CoisCéim Dance Theatre turns the Space Upstairs into a dark, smokey, languid cabaret for their tribute to singer, actress and WWII Allied radio propagandist Agnes Bernelle. As well as writing a few gems of her own, Bernelle collaborated with artists such as Tom Waits and Marc Almond.
It's these, along with cabaret classics from Brecht and Weill's Threepenny Opera which the CoisCéim dancers, three men and three women, illustrate with surpassing grace and intensity. Though it's more than illustration.
David Bolger's energetically restless choreography creates the feeling that, as Bernelle's songs play, the cabaret diva's drawling voice is speaking through the dancers' bodies.
It's a darkly comic litany of songs beginning with 'Mack the Knife', and taking us through the maze of what Bernelle calls 'the monkey life makes of us.' Stories of criminals, shoplifters, prostitutes, punch-drunk seamen, suicides and even the real power behind Satan's throne. Though they all flow together so seamlessly, each is different, and the emotional key varies continuously.
'Hafen-Kneipe' begins with one of the dancers slamming her bare heels on the floor, a rhythm which is taken up by the others and drums through this mockingly aggressive piece which builds into a game of boxing musical chairs and peaks in Don King Rongavilla's fierce solo sparring.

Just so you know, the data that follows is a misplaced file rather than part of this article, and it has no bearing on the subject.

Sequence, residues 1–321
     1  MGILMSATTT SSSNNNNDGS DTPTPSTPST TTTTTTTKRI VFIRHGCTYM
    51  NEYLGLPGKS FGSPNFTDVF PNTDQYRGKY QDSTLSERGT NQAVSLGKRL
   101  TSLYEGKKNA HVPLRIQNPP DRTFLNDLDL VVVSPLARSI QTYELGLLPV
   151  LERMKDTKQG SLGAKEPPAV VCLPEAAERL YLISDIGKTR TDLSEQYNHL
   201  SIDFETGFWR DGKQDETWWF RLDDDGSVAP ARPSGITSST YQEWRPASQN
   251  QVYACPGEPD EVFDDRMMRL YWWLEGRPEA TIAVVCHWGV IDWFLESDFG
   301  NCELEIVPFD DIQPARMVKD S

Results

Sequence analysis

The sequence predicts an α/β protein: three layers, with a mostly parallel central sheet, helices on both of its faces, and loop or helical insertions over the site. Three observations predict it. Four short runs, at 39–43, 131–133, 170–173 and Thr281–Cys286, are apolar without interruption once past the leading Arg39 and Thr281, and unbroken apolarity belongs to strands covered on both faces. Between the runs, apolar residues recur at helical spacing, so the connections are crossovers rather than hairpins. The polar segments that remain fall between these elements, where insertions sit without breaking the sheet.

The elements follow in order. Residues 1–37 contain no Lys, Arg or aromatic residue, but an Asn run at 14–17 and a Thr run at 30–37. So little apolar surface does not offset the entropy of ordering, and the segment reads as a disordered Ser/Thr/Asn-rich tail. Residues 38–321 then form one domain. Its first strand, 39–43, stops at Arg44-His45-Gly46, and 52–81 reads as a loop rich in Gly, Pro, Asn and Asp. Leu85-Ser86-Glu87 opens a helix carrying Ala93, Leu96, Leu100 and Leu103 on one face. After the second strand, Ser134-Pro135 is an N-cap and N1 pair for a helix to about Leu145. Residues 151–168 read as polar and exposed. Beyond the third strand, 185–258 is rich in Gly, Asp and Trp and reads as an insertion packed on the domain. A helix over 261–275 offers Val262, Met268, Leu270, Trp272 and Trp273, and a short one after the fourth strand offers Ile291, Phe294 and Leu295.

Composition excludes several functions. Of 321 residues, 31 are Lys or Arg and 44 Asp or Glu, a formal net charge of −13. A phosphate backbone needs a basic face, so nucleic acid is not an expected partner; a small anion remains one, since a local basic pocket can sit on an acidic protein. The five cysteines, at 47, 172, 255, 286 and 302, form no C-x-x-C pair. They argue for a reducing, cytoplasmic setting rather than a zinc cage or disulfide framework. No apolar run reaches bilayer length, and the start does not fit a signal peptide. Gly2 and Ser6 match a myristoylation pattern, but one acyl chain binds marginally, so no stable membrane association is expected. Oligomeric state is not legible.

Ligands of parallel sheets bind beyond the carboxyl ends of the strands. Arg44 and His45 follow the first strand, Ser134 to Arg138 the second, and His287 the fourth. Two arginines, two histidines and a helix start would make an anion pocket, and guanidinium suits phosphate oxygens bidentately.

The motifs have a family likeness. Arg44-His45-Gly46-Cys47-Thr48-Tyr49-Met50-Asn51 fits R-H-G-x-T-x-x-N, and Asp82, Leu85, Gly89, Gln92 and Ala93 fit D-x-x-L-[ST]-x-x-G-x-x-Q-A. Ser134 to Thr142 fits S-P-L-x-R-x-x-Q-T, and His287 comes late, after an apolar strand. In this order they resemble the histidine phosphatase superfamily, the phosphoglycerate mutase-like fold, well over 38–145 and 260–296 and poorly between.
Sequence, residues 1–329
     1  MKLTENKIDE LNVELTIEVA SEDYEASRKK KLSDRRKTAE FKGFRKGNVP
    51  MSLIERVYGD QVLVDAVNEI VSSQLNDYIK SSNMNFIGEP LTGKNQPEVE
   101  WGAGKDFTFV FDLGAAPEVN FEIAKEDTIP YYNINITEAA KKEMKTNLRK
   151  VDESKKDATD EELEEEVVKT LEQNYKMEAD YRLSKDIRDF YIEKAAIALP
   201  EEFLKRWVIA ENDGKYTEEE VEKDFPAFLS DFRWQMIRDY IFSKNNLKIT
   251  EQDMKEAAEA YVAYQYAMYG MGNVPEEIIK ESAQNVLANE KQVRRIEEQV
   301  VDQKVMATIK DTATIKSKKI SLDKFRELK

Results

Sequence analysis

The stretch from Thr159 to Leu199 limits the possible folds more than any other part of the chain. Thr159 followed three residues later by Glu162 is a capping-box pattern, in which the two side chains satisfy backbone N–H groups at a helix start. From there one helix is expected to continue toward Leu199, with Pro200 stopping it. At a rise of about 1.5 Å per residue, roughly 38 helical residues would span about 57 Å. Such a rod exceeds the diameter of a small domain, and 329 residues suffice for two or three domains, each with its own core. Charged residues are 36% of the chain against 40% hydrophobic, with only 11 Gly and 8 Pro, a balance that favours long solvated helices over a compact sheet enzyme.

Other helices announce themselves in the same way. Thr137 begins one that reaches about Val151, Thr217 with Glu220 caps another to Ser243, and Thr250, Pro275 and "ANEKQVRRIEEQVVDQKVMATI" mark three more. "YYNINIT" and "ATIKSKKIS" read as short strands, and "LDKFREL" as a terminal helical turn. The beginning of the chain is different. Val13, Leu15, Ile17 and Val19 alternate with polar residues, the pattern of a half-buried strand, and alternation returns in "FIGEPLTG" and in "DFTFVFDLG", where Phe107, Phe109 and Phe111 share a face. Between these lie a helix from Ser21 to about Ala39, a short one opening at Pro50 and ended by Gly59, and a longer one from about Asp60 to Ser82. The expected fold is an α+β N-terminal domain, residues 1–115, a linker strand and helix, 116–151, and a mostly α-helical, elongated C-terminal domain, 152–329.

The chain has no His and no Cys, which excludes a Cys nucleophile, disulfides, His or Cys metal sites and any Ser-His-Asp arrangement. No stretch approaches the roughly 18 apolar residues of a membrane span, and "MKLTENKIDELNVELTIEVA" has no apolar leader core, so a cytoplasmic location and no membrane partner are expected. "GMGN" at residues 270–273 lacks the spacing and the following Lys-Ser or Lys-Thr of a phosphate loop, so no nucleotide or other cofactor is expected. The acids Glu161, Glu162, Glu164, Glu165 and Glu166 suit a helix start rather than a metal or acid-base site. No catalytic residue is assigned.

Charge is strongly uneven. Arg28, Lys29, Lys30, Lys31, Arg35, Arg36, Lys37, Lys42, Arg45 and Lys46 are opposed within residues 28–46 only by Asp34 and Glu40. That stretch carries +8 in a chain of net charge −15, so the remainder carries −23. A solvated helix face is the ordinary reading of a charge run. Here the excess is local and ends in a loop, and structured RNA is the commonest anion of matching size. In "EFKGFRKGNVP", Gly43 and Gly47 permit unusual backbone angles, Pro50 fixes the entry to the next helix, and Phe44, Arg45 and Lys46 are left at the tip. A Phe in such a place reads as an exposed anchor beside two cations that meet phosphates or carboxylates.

'Julia,' a song about a girl 'fed up with crying, more interested in dying than living' is performed with brilliant comic energy by Justine Cooper. Poor Julia, who'll not fulfill people's expectations, is tossed around like a rag-doll by the other dancers who transform themselves into the crowd watching her poised to jump to her death from the ledge of a building.
Each song is a stand-out performance, but it's Marc Almond's 'It Was Me', in which the devil's wife claims the credit for his evil outrages, that is the most acrobatically evocative; with the girls flying across the stage in rope-swings like a trio of witches, and, at the song's feverish height, sitting on the backs of their conquered men-folk.
But there are many captivating moments in this superb, atmospheric, unique production full of humour and subtly natural eroticism.
With Bolger, lighting and setting are always crucial parts of any production and here Maree Kearns' set and costume of silk slips, black waistcoats and what looks like a huge mirror transported from some old Parisian bordello, lit by the inimitable Sinead McKenna, create the timeless medium in which these incredible dancers turn motion into exuberantly dark poetry.